Johnson v. Ayers

Filing 406

ORDER GRANTING IN PART DISCOVERY MOTIONS 400 401 . (Illston, Susan) (Filed on 6/16/2017)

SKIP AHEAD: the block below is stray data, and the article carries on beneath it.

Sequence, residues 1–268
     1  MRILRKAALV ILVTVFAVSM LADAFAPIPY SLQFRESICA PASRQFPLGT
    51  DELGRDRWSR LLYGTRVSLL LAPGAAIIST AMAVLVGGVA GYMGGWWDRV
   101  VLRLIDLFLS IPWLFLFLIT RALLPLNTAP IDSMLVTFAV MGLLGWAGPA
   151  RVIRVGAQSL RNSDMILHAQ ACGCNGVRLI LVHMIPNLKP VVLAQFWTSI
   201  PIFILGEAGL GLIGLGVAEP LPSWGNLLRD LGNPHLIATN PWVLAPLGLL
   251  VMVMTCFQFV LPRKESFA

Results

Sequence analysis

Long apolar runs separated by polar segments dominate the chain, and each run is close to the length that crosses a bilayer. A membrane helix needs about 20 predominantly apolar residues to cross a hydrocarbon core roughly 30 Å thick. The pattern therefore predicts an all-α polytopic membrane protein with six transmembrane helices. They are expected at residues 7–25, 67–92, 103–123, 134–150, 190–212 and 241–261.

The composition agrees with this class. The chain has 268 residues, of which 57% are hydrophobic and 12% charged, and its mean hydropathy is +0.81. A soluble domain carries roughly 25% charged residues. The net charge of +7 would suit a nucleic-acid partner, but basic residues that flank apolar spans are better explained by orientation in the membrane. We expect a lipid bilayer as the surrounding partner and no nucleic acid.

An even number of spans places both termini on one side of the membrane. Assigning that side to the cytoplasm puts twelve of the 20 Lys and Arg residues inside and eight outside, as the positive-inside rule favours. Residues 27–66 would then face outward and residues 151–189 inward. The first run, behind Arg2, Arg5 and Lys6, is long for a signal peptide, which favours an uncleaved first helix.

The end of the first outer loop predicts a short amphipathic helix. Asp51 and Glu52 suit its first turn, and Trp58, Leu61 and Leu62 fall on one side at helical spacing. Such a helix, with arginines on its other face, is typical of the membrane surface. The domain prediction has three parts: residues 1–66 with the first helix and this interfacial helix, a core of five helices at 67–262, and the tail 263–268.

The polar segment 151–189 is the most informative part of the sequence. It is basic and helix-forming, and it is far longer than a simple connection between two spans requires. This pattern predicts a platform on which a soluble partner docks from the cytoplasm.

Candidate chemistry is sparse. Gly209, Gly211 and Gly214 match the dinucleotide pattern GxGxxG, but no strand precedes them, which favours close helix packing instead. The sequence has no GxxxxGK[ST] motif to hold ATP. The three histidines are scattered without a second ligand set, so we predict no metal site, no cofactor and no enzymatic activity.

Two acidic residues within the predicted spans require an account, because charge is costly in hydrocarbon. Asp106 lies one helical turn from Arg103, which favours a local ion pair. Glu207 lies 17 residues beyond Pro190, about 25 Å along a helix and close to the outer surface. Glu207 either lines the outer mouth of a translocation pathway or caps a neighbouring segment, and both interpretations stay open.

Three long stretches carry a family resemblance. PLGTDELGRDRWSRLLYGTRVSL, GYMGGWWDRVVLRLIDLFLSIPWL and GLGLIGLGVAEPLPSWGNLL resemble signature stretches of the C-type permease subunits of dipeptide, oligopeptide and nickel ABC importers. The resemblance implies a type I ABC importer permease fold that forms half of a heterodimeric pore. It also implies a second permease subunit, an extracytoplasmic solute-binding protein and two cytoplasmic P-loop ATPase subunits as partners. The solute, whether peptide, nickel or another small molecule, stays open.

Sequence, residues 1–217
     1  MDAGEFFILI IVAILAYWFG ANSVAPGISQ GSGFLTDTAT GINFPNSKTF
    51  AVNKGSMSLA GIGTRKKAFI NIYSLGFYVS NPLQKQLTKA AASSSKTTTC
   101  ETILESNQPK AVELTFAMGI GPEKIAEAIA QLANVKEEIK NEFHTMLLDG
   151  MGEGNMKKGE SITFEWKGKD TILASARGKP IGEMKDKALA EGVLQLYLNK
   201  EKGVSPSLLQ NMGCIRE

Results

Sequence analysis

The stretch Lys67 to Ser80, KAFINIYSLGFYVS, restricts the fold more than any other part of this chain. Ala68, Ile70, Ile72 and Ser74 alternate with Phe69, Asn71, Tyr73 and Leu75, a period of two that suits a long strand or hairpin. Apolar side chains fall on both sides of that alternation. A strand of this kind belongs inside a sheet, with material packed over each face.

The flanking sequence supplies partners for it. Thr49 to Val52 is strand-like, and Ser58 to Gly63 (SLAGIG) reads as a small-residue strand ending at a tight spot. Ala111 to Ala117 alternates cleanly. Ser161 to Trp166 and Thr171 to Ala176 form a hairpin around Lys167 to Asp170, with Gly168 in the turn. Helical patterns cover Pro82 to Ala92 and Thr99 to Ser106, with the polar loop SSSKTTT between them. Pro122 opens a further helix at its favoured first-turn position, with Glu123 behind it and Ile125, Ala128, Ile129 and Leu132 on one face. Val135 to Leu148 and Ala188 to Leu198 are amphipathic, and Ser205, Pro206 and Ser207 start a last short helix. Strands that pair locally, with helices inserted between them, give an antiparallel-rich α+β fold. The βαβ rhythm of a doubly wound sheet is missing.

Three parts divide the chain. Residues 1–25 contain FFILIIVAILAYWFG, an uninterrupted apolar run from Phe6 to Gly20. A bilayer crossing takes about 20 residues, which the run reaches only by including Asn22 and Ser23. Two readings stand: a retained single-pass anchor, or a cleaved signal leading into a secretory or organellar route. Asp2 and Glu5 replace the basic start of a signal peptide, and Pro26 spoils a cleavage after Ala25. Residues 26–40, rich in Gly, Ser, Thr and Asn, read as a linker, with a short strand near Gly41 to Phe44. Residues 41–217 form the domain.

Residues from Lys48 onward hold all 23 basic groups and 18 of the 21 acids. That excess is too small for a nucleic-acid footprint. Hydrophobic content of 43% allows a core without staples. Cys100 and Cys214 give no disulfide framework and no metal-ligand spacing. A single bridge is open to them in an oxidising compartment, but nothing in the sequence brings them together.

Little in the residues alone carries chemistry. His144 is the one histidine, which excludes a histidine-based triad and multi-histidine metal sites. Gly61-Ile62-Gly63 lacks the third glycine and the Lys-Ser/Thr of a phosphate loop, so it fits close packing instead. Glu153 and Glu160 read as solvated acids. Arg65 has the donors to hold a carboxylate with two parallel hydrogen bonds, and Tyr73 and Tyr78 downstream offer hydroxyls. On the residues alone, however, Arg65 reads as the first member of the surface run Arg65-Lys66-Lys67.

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1 2 UNITED STATES DISTRICT COURT 3 NORTHERN DISTRICT OF CALIFORNIA 4 5 WILLIE DARNELL JOHNSON, Petitioner, 6 9 DEATH PENALTY CASE v. 7 8 Case No. 98-cv-04043-SI RON DAVIS1, Warden, San Quentin State Prison ORDER GRANTING IN PART DISCOVERY MOTIONS Re: Dkt. Nos. 399, 400, 401 Respondent. 10 11 United States District Court Northern District of California On May 1, 2017, the Court scheduled an evidentiary hearing on Claim I to begin on 12 13 14 15 16 January 8, 2018. (Dkt. 396.) Respondent filed two discovery motions: a motion for leave to conduct discovery, and a motion “clarifying that petitioner may not assert Fifth Amendment privilege concerning events underlying prior conviction.” (Dkt. 400, 401.) Petitioner opposed both motions (Dkt. 402, 404), and Respondent replied (Dkt. 403, 405). For the reasons stated herein, those motions are GRANTED IN PART. 17 18 BACKGROUND 19 20 21 22 23 24 25 Petitioner was convicted of murder (Cal. Penal Code § 187); attempted murder (id. § 664); robbery in an inhabited dwelling (id. § 213.5); and first-degree burglary (id. §§ 459-60). The jury found “special circumstances” of robbery and burglary felony-murder (id. § 190.2). The jury also found that Petitioner used a firearm in the commission of these offenses (id. § 12022.5), and inflicted great bodily injury in the commission of the attempted murder, the robbery, and the burglary (id. § 12022.7). Following the penalty phase of his trial, the jury sentenced Petitioner to death. 26 27 1 28 Ron Davis is automatically substituted for his predecessor as the named Respondent pursuant to Federal Rule of Civil Procedure 25(d). 1 On July 20, 1992, Petitioner filed a petition for writ of habeas corpus in the California 2 Supreme Court. Answer Ex. 92. The California Supreme Court ordered an evidentiary hearing on 3 the specific question of whether Petitioner “is factually innocent of the murder of Willie Womble, 4 in that his deceased brother, Timothy Johnson, committed the crime.” In re Johnson, 18 Cal.4th 5 447, 451 (1998). The court appointed a referee, who made factual findings and credibility 6 determinations following the hearing. Id. at 456-57. Ultimately, the referee held that Petitioner, 7 not his brother, was present at the robbery and responsible for Willie Womble’s death. Id. at 456. 8 The entirety of Petitioner’s state habeas petition was denied on the merits. Petitioner filed his petition for writ of habeas corpus in this Court in 1998. On March 10, 10 2004, this Court granted Petitioner an evidentiary hearing on Claims A, H, I, P, and part of Claim 11 United States District Court Northern District of California 9 Q. (Dkt. 119.) Respondent filed a motion to reconsider the grant of the evidentiary hearing as to 12 Claim I, arguing under Civ. L.R. 7-9(b)(3) that the Court manifestly failed “to consider material 13 facts or dispositive legal arguments which were presented” to it. (Dkt. 129.) The Court denied 14 that motion. (Dkt. 131.) 15 Following the issuance of Cullen v. Pinholster, 563 U.S. 170 (2011), Respondent filed a 16 second motion to reconsider the grant of an evidentiary hearing. (Dkt. 277.) The Court granted 17 that motion and asked the parties to brief Petitioner’s entitlement to relief under 28 18 U.S.C. 2254(d)(1) for Claims A, H, I, P, and the consideration-of-extrinsic-evidence subclaim of 19 Claim Q. (Dkt. 287.) The Court ultimately found that Petitioner had not shown that he was 20 entitled to relief for these claims under § 2254(d)(1). (Order Regarding § 2254(d)(1), Dkt. 317.) 21 The Order, however, noted that the California Supreme Court’s decision denying Claim I may 22 have been an unreasonable interpretation of the facts under 28 U.S.C. § 2254(d)(2) in light of that 23 court’s narrow framing of the claim and its refusal to allow Petitioner to submit alibi evidence to 24 prove his innocence. (Order Regarding § 2254(d)(1) at 18, n. 7.) The Court asked the parties to 25 brief what issues remained to be resolved and specifically requested the parties to address how 26 much further factual development of the evidentiary claims was appropriate or necessary. (Order 27 Regarding § 2254(d)(1) at 24-25.) Ultimately, the Court granted an evidentiary hearing on Claim 28 I and denied claims A, H, except as to the investigation of actual innocence subclaim, P, and the 2 1 consideration-of-extrinsic-evidence subclaim of Claim Q. (Dkt. 379.) In anticipation of the upcoming evidentiary hearing, Respondent filed two discovery 3 motions. (Dkt. 400, 401.) The first motion is a motion for leave to conduct discovery, wherein 4 Respondent requests depositions of Petitioner’s trial counsel and depositions of all lay and expert 5 witnesses Petitioner intends to call at the January 8 evidentiary hearing. Respondent also seeks 6 documents possessed by any witnesses to be called at the evidentiary hearing that would support 7 Petitioner’s innocence claim and reports satisfying Fed. R. Civ. P. 26(a)(2) by any individuals 8 identified as experts. The second motion seeks an Order declaring either: (1) that Petitioner has 9 waived his Fifth Amendment rights against self-incrimination as they pertain to his actual 10 innocence claim for purposes of his deposition and the hearing, or (2) that should Petitioner 11 United States District Court Northern District of California 2 invoke such Fifth Amendment rights, the Court would draw a negative inference from such 12 invocation and would not allow Petitioner to testify to such matters at the evidentiary hearing. 13 Finally, Respondent also filed a notice that he intends to rely on this Court’s February 1, 2011 14 Order holding that Petitioner has waived his attorney-client privilege as it pertains to his 15 ineffective assistance of counsel claims. (Dkt. 399.) Petitioner filed oppositions to the formal 16 motions, but did not file a response Respondent’s notice of intent to rely on the February 11, 2011 17 Order. Respondent replied to the oppositions. These matters are now ripe for disposition. 18 19 20 LEGAL STANDARD “A judge, may, for good cause, authorize a party to conduct discovery under the Federal 21 Rules of Civil Procedure and may limit the extent of discovery.” 22 Governing Section 2254 Cases, 28 U.S.C. foll. § 2254. Good cause for discovery under Rule 6(a) 23 is shown “‘where specific allegations before the court show reason to believe that the petitioner 24 may, if the facts are fully developed, be able to demonstrate that he is . . . entitled to relief . . . .’” 25 Bracy v. Gramley, 520 U.S. 899, 908-09 (1997) (quoting Harris v. Nelson, 394 U.S. 286, 299 26 (1969)); Pham v. Terhune, 400 F.3d 740, 743 (9th Cir. 2005). 27 28 3 Rule 6(b) of the Rules DISCUSSION 1 2 I. Waiver of Attorney-Client Privilege 3 Respondent filed notice of his intent to rely on this Court’s statement in its February 1, 2011 4 Order that, “[a]s Petitioner contends he was deprived of the effective assistance of trial counsel, he 5 has waived, for the purpose of this federal habeas corpus proceeding, his attorney-client privilege 6 with Charles Hoehn III, Virginia V. Hart, and Thomas G. Shelby.” (Dkt. 255 at 2.) “[W]here a habeas petitioner raises a claim of ineffective assistance of counsel, he waives the 8 attorney-client privilege as to all communications with his allegedly ineffective lawyer.” Bittaker 9 v. Woodford, 331 F.3d 715, 716 (9th Cir. 2003) (en banc). When a district court grants an 10 evidentiary hearing into an ineffective assistance of counsel claim, therefore, the attorney-client 11 United States District Court Northern District of California 7 privilege is waived to the extent necessary to give the respondent a fair opportunity to contest the 12 ineffective assistance claim. Id. at 720-21. The scope of that waiver, however, must be limited to 13 the habeas proceeding; the district court must prohibit the government from using the disclosed 14 materials for any purposes other than contesting the ineffective assistance claim, including their 15 use in any retrial of petitioner. Id. at 728 (upholding a protective order so limiting the scope of the 16 petitioner’s waiver and stating that it would have been an abuse of discretion for the court to have 17 refused to so limit the waiver); see also id. at 722 & n.6 (holding that rule applies both to attorney- 18 client communications and to attorney work product). “The defendant impliedly waives his 19 attorney-client privilege the moment he files a habeas petition alleging ineffective assistance of 20 counsel,” not simply once a defendant brings a question of privilege to the court’s attention. 21 Lambright v. Ryan, 698 F.3d 808, 818 (9th Cir. 2012). 22 Consequently, a district court is “obligated under Bittaker to issue a protective order prior 23 to authorizing discovery on a defendant’s ineffective assistance claim to ensure compliance with 24 the fairness principle.” Id. at 819 (district court abused discretion in issuing protective order after 25 issuing orders authorizing discovery) (quotations omitted). If a petitioner discloses privileged 26 material in an evidentiary hearing on his ineffective assistance of counsel claim, Bittaker’s limited 27 waiver principle prohibits the government from using the materials for any purpose other than 28 contesting the ineffective assistance claim, including their use in a resentencing of petitioner. Id. 4 1 at 818, 824-25. 2 Pursuant to Bittaker and Lambright, this Court’s prior statement regarding Petitioner’s waiver 3 of his attorney-client privilege remains valid. However, it is noted that the upcoming evidentiary 4 hearing focuses not on Petitioner’s ineffective assistance of counsel claim, but rather on his actual 5 innocence claim. Thus, the Court will tailor pre-hearing discovery to address that specific claim. 6 Additionally, the Court reminds that parties that it issued a Protective Order on April 28, 2005 7 (Dkt. 162) that remains in effect. The parties shall abide by that Order when dealing with any 8 privileged information. 9 10 II. Depositions and Other Discovery United States District Court Northern District of California 11 In his motion for discovery, Respondent seeks: (A) leave to take the deposition(s) of all lay 12 and expert witnesses Petitioner intends to call at the January 8, 2018 evidentiary hearing, 13 including incarcerated witnesses; (B) leave to take the deposition(s) of Petitioner’s surviving trial 14 counsel Virginia Hart and Charles Hoehn III, regardless of whether Ms. Hart or Mr. Hoehn are 15 identified as an intended witness for the upcoming hearing; (C) the production of any documents 16 possessed by any lay or expert witness to testify at the evidentiary hearing that may support 17 Petitioner’s innocence claim; and (D) the production of a report by any expert witness to be 18 deposed that satisfies the requirements of Fed. R. Civ. P. 26(a)(2). 19 Rule 6(a) of the Federal Rules Governing Section 2254 cases gives the District Court wide 20 discretion in determining whether there is good cause to permit discovery in a habeas proceeding. 21 See Advisory Committee Notes to Rule 6(a) (stating that the rule “contains very little specificity 22 as to what types and methods of discovery should be made available to the parties in a habeas 23 proceeding ...” and that “[t]he purpose of this rule is to get some experience in how discovery 24 would work in actual practice by letting District Court judges fashion their own rules in the 25 context of individual cases”). The Ninth Circuit has held that discovery is proper where essential 26 to resolution of a claim. Pham v. Terhune, 400 F.3d 740, 743 (9th Cir.2005); Jones v. Wood, 114 27 F.3d 1002, 1009 (9th Cir.1997). 28 This action has been pending for nearly twenty years in this Court alone. The murder for 5 1 which Petitioner was convicted occurred more than thirty years ago. Lay witnesses’ memories 2 likely have faded over that time. Some may have testified at the California Supreme Court 3 hearing on this issue; some may not have. Thus, good cause exists to depose these witnesses prior 4 to the evidentiary hearing to learn what their intended testimony may be. Good cause also exists 5 for deposing any expert witnesses whom Petitioner intends to have testify at the hearing and 6 requiring a report from said expert(s) that complies with Fed. R. Civ. P. 26(a)(2). 7 Respondent also has shown good cause to depose Petitioner’s surviving trial counsel. Whether 8 Petitioner told counsel he was innocent is relevant to the determination of this claim. Respondent 9 is directed, however, to keep questioning narrowly tailored and focused on the claim that is the 10 focus of the evidentiary hearing. United States District Court Northern District of California 11 Rule 6 also provides that “[i]f the government is granted leave to take a deposition, the judge 12 may require the government to pay the travel expenses, subsistence expenses, and fees of the 13 moving party’s attorney to attend the deposition.” Respondent shall pay for his own expenses as 14 outlined in Rule 6. 15 16 III. Fifth Amendment Privilege against Self-Incrimination 17 The Ninth Circuit has held that it is fair to require a waiver of the Fifth Amendment privilege 18 against self-incrimination when a petitioner places his state of mind or mental health at the time of 19 the crime at issue in a habeas claim. Lambright, 698 F.3d at 823. Such a rationale applies equally 20 to an innocence claim. See id. (“Moreover, some claims, such as the one asserted by Lambright in 21 this case, cannot be asserted without some waiver of the privilege.”) While the Court could allow 22 Petitioner to invoke his Fifth Amendment right against self-incrimination and draw a negative 23 inference from such invocation, it remains that Petitioner himself placed the circumstances 24 surrounding the crime in controversy with the actual innocence claim. Respondent should be 25 allowed an opportunity to question him about his claim. However, the waiver is not without its 26 limitations. 27 Similar to the narrow waiver of attorney-client privilege outlined in Bittaker, this waiver is 28 only “to the extent necessary to allow the State a fair opportunity to defend against such claim.” 6 1 Id. Because “the logic that a habeas petitioner should not be disadvantaged at retrial because his 2 constitutional rights were violated in his first trial applies equally whether the disadvantage is the 3 disclosure of attorney-client materials or the waiver of the Fifth Amendment privilege,” the parties 4 shall abide by the existing Protective Order as it concerns materials or evidence wherein Petitioner 5 would have invoked his Fifth Amendment right against self-incrimination. Respondent argues that this waiver should extend to Petitioner’s 1981 conviction, particularly 7 in light of the fact Petitioner cannot be held to stand trial for that crime a second time. The 8 upcoming evidentiary hearing focuses on Petitioner’s innocence of the murder of Willie Womble 9 and Respondent has not shown that the 1981 conviction is relevant to the claim before the Court. 10 Accordingly, the Court will not require Petitioner to waive his Fifth Amendment rights as to the 11 United States District Court Northern District of California 6 1981 conviction. CONCLUSION 12 13 Petitioner has waived his attorney-client privilege rights in a limited matter as to any 14 ineffective assistance of counsel claim he has asserted in his petition for writ of habeas corpus. 15 The protective order entered on April 28, 2005 is still in effect. 16 Respondent is granted leave to take the depositions of any lay and expert witnesses that 17 Petitioner intends to have testify at the evidentiary hearing, as well as the depositions of surviving 18 trial counsel regardless of whether they testify at trial. Respondent shall bear the costs of those 19 depositions as outlined in Rule 6. Respondent may request from deponents any documents which 20 support Petitioner’s innocence claim. 21 Any experts Petitioner intends to have testify at the evidentiary hearing shall produce a 22 report in compliance with Fed. R. Civ. P. 26(a)(2)(b). Petitioner has waived his Fifth Amendment 23 right against self-incrimination as it pertains to his actual innocence claim for the current 24 conviction only. The April 28, 2005 Protective Order shall encompass this waiver as well. 25 26 27 28 IT IS SO ORDERED. Dated: June 16, 2017 ______________________________________ SUSAN ILLSTON United States District Judge 7